My SOBCon permission slip

A few weeks back, I was perus­ing upcom­ing con­fer­ences likely to expand my knowl­edge of all things blogging-related, when one in par­tic­u­lar caught my eye: The renowned SOB­Con would be tak­ing place in Port­land Ore­gon this fall.

An event that I’d long wanted to attend in a town I’d long wanted to visit.

How much more tempt­ing could this be? But could I jus­tify it?

I had no trou­ble com­ing up with rea­sons to take a pass: Who knew what my sched­ule would look like in Sep­tem­ber? What about the cost? Was I even far enough along with my ideas for the trip to be useful?

But while the cost-benefit analy­sis seemed any­thing but clear, I found myself recall­ing some words of advice from LinkedIn co-founder Reid Hoff­man. In a career guide dubbed The Start-Up of You, Hoff­man pro­poses set­ting up an “Inter­est­ing Peo­ple” fund. The idea is to allo­cate a cer­tain amount of money each year to cul­ti­vat­ing rela­tion­ships. That way, when a great oppor­tu­nity comes along, you’re less likely to angst over whether to act on it. You’ve iden­ti­fied the pri­or­ity. You’ve already made the commitment.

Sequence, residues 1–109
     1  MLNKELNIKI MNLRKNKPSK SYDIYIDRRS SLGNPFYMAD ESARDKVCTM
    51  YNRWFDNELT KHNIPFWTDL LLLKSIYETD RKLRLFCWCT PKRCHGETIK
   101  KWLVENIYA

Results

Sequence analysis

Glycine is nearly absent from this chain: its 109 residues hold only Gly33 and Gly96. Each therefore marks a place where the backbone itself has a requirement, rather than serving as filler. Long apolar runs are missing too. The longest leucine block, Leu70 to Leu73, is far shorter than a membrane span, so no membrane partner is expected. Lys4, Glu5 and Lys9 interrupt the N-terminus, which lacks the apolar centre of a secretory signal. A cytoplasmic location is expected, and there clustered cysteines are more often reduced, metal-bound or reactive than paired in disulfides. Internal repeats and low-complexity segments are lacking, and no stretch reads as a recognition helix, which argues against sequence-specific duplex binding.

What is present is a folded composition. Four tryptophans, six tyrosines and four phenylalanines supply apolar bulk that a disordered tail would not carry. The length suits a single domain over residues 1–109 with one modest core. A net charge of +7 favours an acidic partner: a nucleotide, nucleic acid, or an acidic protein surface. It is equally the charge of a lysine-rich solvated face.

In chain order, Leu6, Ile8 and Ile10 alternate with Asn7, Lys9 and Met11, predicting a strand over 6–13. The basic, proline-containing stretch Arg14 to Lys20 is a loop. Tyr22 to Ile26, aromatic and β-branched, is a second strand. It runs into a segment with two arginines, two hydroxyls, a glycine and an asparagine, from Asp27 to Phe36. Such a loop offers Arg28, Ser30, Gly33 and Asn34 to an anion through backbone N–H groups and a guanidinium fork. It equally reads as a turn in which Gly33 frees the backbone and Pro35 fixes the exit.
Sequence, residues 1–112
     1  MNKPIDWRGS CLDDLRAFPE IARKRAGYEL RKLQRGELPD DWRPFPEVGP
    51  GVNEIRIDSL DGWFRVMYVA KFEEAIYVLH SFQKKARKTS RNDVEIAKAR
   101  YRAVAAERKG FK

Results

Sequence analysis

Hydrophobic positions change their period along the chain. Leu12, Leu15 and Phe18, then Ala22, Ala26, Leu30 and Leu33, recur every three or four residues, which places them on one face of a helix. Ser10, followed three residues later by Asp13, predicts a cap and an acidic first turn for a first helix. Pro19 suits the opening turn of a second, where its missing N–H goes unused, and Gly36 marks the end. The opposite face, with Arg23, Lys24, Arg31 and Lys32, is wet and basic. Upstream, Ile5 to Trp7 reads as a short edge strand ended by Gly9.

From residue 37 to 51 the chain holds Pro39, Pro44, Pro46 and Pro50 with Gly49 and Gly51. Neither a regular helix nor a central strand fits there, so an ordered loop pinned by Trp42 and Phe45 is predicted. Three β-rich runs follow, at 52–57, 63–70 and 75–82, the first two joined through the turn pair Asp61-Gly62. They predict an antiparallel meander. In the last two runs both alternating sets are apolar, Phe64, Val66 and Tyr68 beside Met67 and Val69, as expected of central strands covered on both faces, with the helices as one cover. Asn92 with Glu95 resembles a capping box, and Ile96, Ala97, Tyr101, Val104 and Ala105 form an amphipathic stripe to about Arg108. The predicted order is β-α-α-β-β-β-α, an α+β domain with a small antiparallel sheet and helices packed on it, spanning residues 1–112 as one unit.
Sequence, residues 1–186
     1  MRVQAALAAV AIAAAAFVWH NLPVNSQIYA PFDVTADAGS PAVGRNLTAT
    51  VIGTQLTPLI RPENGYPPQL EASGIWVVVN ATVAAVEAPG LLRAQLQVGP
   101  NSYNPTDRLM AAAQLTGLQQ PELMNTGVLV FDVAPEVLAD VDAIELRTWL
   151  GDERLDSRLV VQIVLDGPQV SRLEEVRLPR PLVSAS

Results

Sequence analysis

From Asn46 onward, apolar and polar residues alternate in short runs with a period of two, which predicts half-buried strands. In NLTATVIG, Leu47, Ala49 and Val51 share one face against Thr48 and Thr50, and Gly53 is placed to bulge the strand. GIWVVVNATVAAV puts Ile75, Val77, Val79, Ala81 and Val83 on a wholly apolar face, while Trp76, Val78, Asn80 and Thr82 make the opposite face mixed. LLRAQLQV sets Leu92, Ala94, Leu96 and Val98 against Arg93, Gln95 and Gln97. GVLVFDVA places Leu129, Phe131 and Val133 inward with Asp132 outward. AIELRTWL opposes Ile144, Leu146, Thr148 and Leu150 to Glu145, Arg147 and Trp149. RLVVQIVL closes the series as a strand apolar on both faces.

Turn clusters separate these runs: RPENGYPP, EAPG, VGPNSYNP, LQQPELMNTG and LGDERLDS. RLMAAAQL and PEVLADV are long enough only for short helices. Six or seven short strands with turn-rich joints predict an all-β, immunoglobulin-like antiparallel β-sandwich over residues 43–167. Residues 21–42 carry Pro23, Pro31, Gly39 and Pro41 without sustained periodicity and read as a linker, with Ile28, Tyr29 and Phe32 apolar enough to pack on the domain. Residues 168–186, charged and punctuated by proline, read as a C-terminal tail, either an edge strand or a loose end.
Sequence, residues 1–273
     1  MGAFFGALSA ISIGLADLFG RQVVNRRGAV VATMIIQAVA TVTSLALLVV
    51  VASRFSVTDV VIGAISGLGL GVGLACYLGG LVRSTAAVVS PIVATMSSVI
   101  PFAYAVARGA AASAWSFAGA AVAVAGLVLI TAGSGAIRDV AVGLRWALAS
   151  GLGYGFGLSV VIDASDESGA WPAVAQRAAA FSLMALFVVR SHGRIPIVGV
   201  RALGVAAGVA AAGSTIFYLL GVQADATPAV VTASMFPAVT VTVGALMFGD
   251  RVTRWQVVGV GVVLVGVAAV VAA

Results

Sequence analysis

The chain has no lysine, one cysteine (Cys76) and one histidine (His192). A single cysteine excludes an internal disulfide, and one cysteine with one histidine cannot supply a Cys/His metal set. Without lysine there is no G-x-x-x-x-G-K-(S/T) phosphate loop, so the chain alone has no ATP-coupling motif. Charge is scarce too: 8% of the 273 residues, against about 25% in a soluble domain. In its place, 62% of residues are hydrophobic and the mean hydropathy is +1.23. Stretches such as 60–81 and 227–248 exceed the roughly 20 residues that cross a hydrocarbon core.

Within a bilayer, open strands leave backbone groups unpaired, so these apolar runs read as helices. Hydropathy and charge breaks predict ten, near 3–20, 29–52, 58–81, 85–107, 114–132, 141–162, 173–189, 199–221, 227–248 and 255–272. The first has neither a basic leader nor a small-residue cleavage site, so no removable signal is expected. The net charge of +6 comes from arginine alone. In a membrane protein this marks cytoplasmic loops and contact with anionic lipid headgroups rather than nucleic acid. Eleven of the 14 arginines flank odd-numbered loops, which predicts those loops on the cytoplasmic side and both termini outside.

Why is this so impor­tant? Because the more con­ver­sa­tions we have, the more peo­ple we meet, the more we expand our uni­verse of pos­si­bil­i­ties. “You won’t encounter acci­den­tal good for­tune – you won’t stum­ble upon oppor­tu­ni­ties that rocket your career for­ward – if you’re lying in bed,” Hoff­man and his co-author Ben Cas­nocha note. “When you do some­thing, you stir the pot and intro­duce the pos­si­bil­ity that seem­ingly ran­dom ideas, peo­ple, and places will col­lide and form new com­bi­na­tions and opportunities.”

Rock­et­ing images aside, this made total sense to me. My deci­sion sud­denly seemed far sim­pler. Reader, I registered.

Only some time later did it occur to me that I’d already known every­thing that Hoff­man was telling me. I’d even writ­ten about it more than once not too long ago – about the magic of cause and effect and erring towards con­nec­tion. It was then I real­ized that what I’d needed wasn’t guid­ance but a green light, per­mis­sion to ignore the voices of doubt  and do what I knew felt right.